Uva Vs. Uvb Tanning Beds

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Over 11 million Americans visit tanning salons annually, each hoping to emerge with a glamorous, bronze tan. Instead of sitting outside in natural sunlight for hours, people can spend mere minutes in tanning equipment and achieve the same result. There are two types of tanning beds that mimic the UVA and UVB rays from the sun. While both of these will help tanners achieve their desired darkness, there are many differences between the two beds.

Ultraviolet Rays

  • Ultraviolet (UV) radiation is a part of the light spectrum from the sun. There are three types of UV: UVA, UVB and UVC. While UVA and UVB both reach the earth, UVC is usually absorbed by the ozone layer. UVA and UVB both contribute to tanning of the human skin. UVA is the dominant tanning ray which produces the golden tan. When people notice their skin turning red and develop a sunburn, this is due to UVB. Both UVA and UVB rays are found in tanning units across America.

UVA Tanning Beds

  • Many tanning salons offer UVA tanning beds which offer their clients a quick, burn-free tan. These beds are often referred to as "high-pressure" tanning units. UVA tanning beds typically have less than 1% UVB rays, making it virtually impossible to burn the skin. The UVA beds are made from quartz lamps, filter, and reflector systems. Due to this, UVA beds tend to be a bit more expensive than the regular tanning beds. A single session will run somewhere around $30 as opposed to a $5-7 session in a UVB tanning bed.

Ultrabronze

  • One of the more popular companies to distribute UVA tanning units is Ultrabronz. Ultrabronz offers a 24-minute bed in their 950 series. Users are encouraged to tan for the full 24 minutes regardless of their previous exposure to UV light. Most people only need three sessions to get a deep, dark tan. The company also offers the popular Sunx2 360. In this unit, the client stands for 10 to 12 minutes and receives a full tan in about five sessions. According to the company's website, Ultrabronz is the only company in the United States to manufacturer high-pressure tanning units.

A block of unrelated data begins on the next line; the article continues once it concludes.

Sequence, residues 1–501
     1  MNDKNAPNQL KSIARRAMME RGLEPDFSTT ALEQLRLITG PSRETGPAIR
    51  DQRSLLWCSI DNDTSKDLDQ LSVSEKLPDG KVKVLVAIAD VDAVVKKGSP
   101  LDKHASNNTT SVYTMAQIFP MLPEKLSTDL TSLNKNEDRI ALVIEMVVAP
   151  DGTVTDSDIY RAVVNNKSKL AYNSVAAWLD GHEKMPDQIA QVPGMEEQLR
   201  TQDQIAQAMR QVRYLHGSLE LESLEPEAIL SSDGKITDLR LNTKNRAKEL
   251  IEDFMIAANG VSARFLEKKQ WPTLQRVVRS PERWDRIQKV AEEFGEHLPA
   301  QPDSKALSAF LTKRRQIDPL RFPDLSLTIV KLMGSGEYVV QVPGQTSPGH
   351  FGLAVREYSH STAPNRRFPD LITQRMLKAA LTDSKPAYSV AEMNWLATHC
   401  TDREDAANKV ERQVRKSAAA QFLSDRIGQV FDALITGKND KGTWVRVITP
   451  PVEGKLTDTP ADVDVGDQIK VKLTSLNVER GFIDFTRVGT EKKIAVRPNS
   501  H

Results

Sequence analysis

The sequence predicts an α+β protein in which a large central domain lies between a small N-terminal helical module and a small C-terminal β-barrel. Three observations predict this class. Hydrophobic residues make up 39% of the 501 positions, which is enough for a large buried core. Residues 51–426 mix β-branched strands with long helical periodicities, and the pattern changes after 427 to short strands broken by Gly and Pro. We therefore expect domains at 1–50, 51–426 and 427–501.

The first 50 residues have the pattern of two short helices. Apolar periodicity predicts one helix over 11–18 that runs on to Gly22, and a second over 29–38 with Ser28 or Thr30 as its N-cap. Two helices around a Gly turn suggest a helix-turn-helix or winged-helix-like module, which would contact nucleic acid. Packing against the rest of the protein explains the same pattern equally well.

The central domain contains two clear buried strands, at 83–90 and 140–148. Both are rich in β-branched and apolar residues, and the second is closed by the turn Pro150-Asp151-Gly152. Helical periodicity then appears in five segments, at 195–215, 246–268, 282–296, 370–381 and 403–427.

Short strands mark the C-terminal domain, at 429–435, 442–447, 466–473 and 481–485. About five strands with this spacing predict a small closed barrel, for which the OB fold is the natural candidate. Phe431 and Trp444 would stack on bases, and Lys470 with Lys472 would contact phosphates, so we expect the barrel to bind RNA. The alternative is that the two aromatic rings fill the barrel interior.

UVB Tanning Beds

  • Despite the fast tan obtained from UVA beds, the most popular tanning units in salons are the UVB tanning beds. The UVB tanning beds contain about 93% UVA rays and 7% UVB rays. Although the UVB ray is the "burning" ray, indoor tanning sessions are timed based on the tanner's skin type and UV experience. Most first-time tanners are recommended to go the lowest amount of time to prevent burning. Once they start to develop a tan, they can tan for longer amounts of time. Most people need about 7-10 tanning sessions to develop a deep, dark tan in either a UVB bed or booth.

Wolff Tanning Equipment

  • Wolff tanning beds are one of the most common beds used in salons. The company offers both beds and booths. The Pro 24S is a bed that has bulbs on the top and bottom of the canopy. Sessions can last up to 20 minutes. To prevent burning, it is recommended that first-time tanners begin by tanning for eight minutes and work their way up in two-minute increments. Wolff also offers a booth called the SunDome. The SunDome is a 10-minute stand-up booth with bulbs all around the unit. With this unit, the recommended starting time is five minutes and work their way to a darker tan in one-minute increments.

Dangers of UVA and UVB Tanning Beds

  • Both UVA and UVB rays have been linked to skin cancer. Some people claim that UVA beds are safer because the skin does not burn, but this has not been proven. When an individual uses a tanning bed, the excessive UV radiation can produce genetic mutations, which can lead to skin cancer. The U.S. Department of Health and Human Services has named UV as a human carcinogen. Excessive UV radiation has been said to be as dangerous as smoking cigarettes or chimney sweeping. People who use any type of tanning bed are 1.5 times more likely to get basal cell carcinoma and 2.5 times more likely to get squamous cell carcinoma. Studies have also shown that people who begin using tanning equipment in their teens are 75% more likely to develop their melanoma risk.

References

  • Photo Credit http://www.twolia.com
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